Updated: 3rd July 2017
The Indian parliament rolled out the Goods & Services Tax (GST) in India from July 2017. Undoubtedly this move is historic in the history of Indian Economy. The passing of the GST bill is being seen the next big move after the 90s reforms of the Indian Economy. The government’s is already gearing up for timely implementation of the GST by strengthening the IT backbone which shall propel the decision ahead.
But at the same time there are few aspects with contradict the growth story and might be seen as hurdles which will take time to overcome post the implementation of GST. On one hand where a majority of corporate world is rejoicing, there are few who do not belong the happy lot.
On one hand government is pushing every citizen of the country to open a bank account and on the other hand GST has made financial services expensive. Transactions fees in financial services are likely to become more expensive after the government has put these under the 18% tax bracket in the new goods and services tax (GST) regime.
These services were so far taxed at 15% and the hike in the tax rate means that individuals will have to pay Rs 3 more for every Rs 100 paid for banking transactions.(Economic Times : You will have to shell out more for banking transactions from July)
Indian Aviation Industry has been favoured with domestic travel getting cheaper. But India’s key airports are already struggling to keep up with the capacity (Govt working on increasing IGI airport’s capacity by 50%). Cheaper travel will further fuel the air traffic and burdening the airports which might lead to operational glitches and increases safety concern. Union minister of state for civil aviation Jayant Sinha admitted that Indira Gandhi International (IGI) Airport’s Terminal 1 was handling passengers more than it could, said immediate and long-term measure need to be undertaken to increase air side and terminal capacity.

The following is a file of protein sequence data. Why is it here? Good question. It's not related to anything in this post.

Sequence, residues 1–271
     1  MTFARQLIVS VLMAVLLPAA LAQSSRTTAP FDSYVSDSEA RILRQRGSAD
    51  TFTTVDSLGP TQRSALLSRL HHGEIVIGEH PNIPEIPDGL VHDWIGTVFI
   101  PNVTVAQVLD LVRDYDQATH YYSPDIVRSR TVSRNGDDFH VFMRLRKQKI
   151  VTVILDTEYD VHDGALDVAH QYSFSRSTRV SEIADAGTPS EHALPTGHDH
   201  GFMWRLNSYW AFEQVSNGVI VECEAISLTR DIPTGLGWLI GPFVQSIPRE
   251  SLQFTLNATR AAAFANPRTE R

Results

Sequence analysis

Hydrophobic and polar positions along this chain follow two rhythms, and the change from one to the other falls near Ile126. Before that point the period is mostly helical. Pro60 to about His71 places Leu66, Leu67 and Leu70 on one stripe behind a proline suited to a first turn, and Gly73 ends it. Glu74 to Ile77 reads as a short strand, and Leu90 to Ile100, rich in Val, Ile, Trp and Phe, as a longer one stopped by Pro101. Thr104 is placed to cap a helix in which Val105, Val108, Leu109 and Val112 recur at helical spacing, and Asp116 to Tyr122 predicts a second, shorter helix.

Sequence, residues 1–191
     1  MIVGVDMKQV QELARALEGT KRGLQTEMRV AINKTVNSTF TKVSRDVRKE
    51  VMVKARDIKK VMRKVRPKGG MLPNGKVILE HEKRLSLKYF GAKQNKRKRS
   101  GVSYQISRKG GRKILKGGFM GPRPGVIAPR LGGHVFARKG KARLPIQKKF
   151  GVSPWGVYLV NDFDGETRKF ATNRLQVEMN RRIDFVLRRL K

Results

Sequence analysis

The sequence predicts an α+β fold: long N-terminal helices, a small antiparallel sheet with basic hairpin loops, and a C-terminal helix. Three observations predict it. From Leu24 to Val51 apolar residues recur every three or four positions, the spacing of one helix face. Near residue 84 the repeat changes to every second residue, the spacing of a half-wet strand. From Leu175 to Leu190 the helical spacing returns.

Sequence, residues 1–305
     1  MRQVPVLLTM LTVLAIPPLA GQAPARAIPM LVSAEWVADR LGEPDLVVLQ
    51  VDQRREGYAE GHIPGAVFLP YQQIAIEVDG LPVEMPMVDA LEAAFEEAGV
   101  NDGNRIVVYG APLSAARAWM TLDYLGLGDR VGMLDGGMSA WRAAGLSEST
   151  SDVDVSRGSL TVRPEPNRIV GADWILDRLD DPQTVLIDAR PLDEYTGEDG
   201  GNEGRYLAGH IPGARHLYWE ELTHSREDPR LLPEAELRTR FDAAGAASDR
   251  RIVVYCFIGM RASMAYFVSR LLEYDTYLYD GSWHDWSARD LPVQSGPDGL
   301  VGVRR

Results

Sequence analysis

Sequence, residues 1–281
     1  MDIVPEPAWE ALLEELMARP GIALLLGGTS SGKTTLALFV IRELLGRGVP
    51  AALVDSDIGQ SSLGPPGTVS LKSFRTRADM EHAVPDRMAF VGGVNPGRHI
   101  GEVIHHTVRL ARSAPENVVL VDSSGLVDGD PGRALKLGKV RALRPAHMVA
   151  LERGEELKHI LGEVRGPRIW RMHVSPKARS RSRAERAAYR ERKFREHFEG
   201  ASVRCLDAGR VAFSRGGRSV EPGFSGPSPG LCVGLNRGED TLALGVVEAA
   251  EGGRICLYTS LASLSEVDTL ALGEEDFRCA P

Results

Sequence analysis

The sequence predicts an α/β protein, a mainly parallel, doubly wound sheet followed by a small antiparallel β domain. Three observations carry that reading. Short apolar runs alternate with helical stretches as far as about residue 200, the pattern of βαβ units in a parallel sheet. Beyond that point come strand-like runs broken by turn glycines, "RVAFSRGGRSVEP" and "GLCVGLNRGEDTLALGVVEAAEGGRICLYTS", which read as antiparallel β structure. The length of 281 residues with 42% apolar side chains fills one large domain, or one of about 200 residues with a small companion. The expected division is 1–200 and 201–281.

India is amongst the most under penetrated Insurance market (less than 10% population of India has Insurance). This was the reason for the government launching the ‘Pradhan Matri Jeevan Beema Yojna’. However, with GST roll out insurance premiums have become more expensive which can be a temporary roadblock in a price sensitive market like India. Life, health & motor insurances will begin to cost more from July 2017 as taxes will go up by up to 300 basis points.
The telecom sector is already under sever debt and burden of liscence fee. The current debt stands at around Rs 4 lakh crore (Telecom debt unsustainable – TOI). With GCT the taxes on telecom services will further increase.
On one hand, government is talking about Digital India and on the other telecom services (phone, broadband etc-) is getting costlier as most of the operators will pass on the increase to the consumers. Thereby, contradicting the Digital India initiative.
IT companies have adopted a strategy of spreading their operations and stationing their majority workforce where the cost of operations in low (e.g. Chennai, Bangalore). The GST may lead to increasing costs of operations at their most cost-effective delivery centers.
The Banking & Financial Sector (including Insurance as stated above) might take a hit as currently the effective tax rate in the sector is 14 per cent, which is levied only on fee component (and not interest) of the transaction. Under GST, effective tax rate on fee-based transactions is expected to increase to 18-20%. With the implementation of GST a moderate increase in the cost of financial services such as loan processing fees, debit/credit card charges, insurance premiums, etc. is expected.
Petroleum products form a majority import value in the Indian ecosystem. However, key petroleum products like crude, natural gas, high-speed diesel and ATF have been kept out of GST. Compliance costs are likely to rise because of dual indirect tax mechanism.
A seemless implementation of GST may boost growth of the overall economy to a level that the above stated pitfalls might be merely seem as part and parcel of the India growth story. E.g. When most of the sectors grow simultaneously, it might increase jobs and disposable income of individuals to an extent that the dearness brought by GST gets offset. Analysts are already predicting 10% GDP growth for the Indian Economy with GST coming into effect. All eyes will be focussed on Q2 earnings of FY 2017-18 once the GST comes into effect and the companies start disclosing their numbers.